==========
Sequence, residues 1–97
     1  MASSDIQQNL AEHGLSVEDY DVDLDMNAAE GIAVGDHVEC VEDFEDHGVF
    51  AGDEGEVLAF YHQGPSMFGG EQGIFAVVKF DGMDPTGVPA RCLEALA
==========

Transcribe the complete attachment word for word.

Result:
Sequence, residues 1–97
     1  MASSDIQQNL AEHGLSVEDY DVDLDMNAAE GIAVGDHVEC VEDFEDHGVF
    51  AGDEGEVLAF YHQGPSMFGG EQGIFAVVKF DGMDPTGVPA RCLEALA